Telehealth services help clinicians fill those coverage gaps. Research from 2015 demonstrated that when doctors used telehealth services, they were able to collaborate with colleagues so they could deliver care to patients despite absences within the clinic. Telehealth services enable physicians located remotely to treat patients, which reduces the burden on doctors on the verge of burnout.
Increasing support for physicians
The seventh way in which telehealth reduces physician burnout is by increasing support for doctors. Busy clinicians generally don’t have time to take care of their own physical or mental health needs. Utilizing telehealth services to help busy physicians lessens the risk and the negative effects of burnout.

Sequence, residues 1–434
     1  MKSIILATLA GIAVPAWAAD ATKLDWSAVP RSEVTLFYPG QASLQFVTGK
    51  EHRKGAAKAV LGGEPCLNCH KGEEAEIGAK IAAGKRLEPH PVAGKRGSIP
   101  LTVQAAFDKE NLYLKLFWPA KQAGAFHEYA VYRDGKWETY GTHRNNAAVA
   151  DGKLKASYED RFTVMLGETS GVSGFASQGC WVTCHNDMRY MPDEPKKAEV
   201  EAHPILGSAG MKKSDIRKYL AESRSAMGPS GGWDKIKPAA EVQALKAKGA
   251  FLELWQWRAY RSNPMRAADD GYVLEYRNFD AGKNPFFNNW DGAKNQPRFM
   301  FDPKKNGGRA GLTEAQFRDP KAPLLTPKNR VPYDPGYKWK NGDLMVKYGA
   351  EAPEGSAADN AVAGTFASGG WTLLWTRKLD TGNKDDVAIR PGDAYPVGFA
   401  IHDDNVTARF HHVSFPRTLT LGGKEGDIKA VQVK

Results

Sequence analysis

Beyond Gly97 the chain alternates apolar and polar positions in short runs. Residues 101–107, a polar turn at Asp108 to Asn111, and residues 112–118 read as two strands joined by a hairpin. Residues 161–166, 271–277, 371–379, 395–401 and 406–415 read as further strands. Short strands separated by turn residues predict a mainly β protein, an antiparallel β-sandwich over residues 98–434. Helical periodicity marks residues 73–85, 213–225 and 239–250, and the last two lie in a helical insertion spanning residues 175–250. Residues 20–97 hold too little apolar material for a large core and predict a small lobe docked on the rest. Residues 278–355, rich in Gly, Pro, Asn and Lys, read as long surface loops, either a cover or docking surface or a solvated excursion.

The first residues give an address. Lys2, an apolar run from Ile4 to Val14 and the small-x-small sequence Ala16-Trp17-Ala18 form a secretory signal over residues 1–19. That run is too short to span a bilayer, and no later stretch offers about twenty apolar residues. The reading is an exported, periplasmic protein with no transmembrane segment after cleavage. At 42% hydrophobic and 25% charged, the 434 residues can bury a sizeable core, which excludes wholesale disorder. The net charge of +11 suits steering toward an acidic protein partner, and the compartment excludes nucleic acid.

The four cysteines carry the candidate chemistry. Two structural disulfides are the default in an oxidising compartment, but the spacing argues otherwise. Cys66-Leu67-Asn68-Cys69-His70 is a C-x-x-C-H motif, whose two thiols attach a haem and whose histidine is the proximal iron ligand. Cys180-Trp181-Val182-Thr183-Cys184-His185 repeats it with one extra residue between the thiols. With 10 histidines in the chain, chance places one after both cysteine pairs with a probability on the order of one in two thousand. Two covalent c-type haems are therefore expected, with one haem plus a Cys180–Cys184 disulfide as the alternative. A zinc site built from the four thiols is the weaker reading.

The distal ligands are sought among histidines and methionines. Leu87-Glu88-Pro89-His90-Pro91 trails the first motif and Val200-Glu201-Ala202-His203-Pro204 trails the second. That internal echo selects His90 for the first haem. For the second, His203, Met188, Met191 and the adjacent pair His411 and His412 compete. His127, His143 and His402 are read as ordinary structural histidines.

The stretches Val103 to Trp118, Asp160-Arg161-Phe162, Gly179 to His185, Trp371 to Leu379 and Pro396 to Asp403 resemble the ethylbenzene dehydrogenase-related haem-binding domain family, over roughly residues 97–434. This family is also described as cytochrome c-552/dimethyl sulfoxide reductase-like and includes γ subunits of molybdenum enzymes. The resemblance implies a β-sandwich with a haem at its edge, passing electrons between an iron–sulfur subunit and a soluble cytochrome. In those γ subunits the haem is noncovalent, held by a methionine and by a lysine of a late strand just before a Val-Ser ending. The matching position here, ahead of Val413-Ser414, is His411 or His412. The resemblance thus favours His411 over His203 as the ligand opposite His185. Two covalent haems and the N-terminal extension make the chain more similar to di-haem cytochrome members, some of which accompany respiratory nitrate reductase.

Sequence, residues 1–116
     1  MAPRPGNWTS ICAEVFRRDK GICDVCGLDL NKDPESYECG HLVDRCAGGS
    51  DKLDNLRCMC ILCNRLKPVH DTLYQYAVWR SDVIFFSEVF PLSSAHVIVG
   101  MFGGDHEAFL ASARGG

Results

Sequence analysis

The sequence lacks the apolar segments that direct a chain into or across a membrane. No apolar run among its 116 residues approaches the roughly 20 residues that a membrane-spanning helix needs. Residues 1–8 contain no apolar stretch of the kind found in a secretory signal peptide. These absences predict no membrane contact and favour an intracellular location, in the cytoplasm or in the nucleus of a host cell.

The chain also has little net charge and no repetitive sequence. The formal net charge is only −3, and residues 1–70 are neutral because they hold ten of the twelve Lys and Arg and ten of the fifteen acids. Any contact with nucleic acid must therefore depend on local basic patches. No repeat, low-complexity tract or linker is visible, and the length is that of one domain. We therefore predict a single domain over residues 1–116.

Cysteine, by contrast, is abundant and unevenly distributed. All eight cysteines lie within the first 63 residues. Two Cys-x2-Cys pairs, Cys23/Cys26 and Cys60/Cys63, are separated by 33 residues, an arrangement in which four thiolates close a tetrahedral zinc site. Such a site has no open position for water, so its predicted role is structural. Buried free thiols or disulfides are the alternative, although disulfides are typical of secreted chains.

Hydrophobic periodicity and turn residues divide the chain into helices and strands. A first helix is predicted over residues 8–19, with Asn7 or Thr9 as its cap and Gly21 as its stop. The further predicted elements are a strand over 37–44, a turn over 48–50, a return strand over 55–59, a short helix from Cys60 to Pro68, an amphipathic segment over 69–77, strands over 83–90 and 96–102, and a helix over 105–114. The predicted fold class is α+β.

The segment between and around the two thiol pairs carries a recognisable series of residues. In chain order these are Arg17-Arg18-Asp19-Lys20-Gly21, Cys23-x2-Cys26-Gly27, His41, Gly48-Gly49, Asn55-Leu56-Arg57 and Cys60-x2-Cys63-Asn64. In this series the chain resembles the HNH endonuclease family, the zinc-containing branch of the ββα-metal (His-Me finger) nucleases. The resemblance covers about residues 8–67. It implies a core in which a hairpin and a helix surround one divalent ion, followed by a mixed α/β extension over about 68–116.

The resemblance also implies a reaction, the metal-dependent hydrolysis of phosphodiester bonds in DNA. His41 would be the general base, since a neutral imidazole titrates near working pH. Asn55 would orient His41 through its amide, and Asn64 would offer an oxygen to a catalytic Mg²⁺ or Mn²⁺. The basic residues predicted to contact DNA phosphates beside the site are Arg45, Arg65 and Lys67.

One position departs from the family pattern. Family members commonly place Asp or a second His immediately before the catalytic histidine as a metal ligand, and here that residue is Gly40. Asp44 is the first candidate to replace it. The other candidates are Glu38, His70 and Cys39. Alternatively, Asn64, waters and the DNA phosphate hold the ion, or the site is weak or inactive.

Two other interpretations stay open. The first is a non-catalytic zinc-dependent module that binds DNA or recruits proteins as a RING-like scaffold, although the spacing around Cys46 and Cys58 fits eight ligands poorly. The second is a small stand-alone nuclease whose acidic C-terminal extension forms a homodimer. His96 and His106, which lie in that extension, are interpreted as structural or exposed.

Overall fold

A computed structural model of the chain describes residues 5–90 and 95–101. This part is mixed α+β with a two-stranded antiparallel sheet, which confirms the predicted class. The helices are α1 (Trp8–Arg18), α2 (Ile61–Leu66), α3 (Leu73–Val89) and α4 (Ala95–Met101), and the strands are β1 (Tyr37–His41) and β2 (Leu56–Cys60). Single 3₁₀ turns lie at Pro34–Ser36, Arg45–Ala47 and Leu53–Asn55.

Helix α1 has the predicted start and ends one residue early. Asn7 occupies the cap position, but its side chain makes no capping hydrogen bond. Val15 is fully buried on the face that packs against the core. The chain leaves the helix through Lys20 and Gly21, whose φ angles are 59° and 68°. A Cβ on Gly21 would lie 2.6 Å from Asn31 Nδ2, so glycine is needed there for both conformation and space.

In January 2020, the Providence Health network (based in Washington) launched the Telebehavioral Health Concierge Program for doctors. Within two days of signing up, doctors have a virtual visit with a counselor to discuss mental health issues. The founders of the program believe that it allows doctors to receive care on their terms, and to stamp out physician burnout before it becomes an issue.
Telehealth services help busy physicians address mental health needs to prevent burnout.
Physician burnout is a serious problem—it negatively affects the patient experience (as well as the level of care), and it leads to doctors becoming depressed and potentially suicidal. One way of addressing physician burnout is through telehealth services. Telehealth creates a better work-life balance, shorter commute times, and doctors can use it to get the mental health assistance they need.